In 1981 he was invited to give his lectures on Thanatology ( the study of death ) at the University of Industrial Medicine. Since then his lectures on the deep meaning of life and death were regularly given to medical students, nurses and doctors across the nation in order to convey the dignity of life.
Furthermore, he shed tears for the people who died brutal deaths during the second World War, especially for the Chinese people. In 1984 he built a monument in Kumamoto to remember hundreds of Chinese forced laborers who died in the coal mines of Arao during the War, inscribing his words ; “ Grief transcending national boundaries ”. In 1985 he took people to China for the first pilgrimage of reconciliation and peace, commemorating the victims of the Nanjing massacre perpetrated by the Japanese army in 1937. In order to make people aware of what had been done in the past and to help establish peace, yearly pilgrimages have been conducted since then.
In the same year, he met Fr. Franco Sottocornola, a Xaverian Missionary Father in Japan. After first meeting him, Fr. Franco immediately decided to come down to Kumamoto to work with him. In 1986 they established “ the Center for Inter-religious Dialogue ”, the first instance in Japan of a Buddhist and Christian activity united in one single religious institution.
After Rev. Furukawa began working with the Catholic priests and nuns, his working place was not only in Asia, but also extended into Europe. In 1989 with Fr. Franco he went to Europe giving their lectures on Inter-religious Dialogue during a 40 day stay in Italy and England. He was very honored to have the first encounter with Pope John PaulⅡin the Vatican and there he appealed for World Peace.
He was also invited to the International Peace Conference in Warsaw, Poland for the first time. Since then, he continuously attended the Peace Conferences held by the community of St.Egidio, giving his talk on World Peace.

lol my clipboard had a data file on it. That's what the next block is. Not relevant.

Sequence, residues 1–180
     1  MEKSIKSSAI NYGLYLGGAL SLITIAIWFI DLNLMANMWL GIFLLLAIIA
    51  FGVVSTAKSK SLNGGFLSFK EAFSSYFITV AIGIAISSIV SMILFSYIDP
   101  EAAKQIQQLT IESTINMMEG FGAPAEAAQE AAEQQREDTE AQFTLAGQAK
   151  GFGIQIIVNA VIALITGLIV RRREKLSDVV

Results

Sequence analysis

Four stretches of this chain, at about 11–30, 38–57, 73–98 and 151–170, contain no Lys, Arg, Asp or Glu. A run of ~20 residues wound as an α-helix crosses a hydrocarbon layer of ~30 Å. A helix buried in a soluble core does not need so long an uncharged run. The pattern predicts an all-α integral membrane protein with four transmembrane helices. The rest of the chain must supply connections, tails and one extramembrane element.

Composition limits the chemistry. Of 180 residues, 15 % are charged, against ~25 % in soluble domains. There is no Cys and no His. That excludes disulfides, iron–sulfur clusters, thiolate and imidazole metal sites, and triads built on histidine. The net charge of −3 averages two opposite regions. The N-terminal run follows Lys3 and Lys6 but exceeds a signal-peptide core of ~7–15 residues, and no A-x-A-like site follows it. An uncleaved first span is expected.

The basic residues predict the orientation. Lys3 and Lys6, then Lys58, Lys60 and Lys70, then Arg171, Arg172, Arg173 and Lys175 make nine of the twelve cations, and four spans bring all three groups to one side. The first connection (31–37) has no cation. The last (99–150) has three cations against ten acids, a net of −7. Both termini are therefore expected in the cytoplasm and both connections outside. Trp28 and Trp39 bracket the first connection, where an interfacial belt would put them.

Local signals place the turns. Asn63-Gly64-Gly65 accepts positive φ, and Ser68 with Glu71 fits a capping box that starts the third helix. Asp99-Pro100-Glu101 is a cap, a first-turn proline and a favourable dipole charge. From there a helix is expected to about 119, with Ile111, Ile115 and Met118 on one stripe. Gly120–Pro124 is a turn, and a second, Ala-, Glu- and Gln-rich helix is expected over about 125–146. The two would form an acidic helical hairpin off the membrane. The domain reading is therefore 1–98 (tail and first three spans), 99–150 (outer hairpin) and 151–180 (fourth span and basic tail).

At the end of 1989, after he returned to Japan, there was another important and surprising piece of news awaiting him. Mr. Ishii, one of the innocent prisoners was released on parole after 42 years and 7 months’ imprisonment. He came back to society as an old man already beyond 70 years of age and lived with the Furukawa family at the temple. He is now 86 years old and still has desires to clear the name of Mr.Nishi.
Rev. Furukawa’s childhood dream to be an artist was not realized because of the poverty he had to endure, but his artistic talent still vividly remained and was acknowledged not only in Japan but also in Italy. In cooperation with the Xaverian Missionaries, an exhibition of the works of his calligraphy was held in five different cities in Italy in 1994.
At the end of his long stay in Europe, by chance, thanks to divine providence, he had a wonderful opportunity to encounter Mother Teresa in Warsaw, Poland. Since for a long time he had a great respect for her, deep spiritual joy and appreciation filled his heart and encouraged his activities.
In 1998, another great chance arose. This was the encounter with Sr. Helen Prejean in Bucharest, Romania. Together with her he made an appeal to everybody that there should be no more death penalty in the 21st century. His thoughts about the matriarchal principle called ; coexistence and coprosperity, were all the more confirmed by these encounters.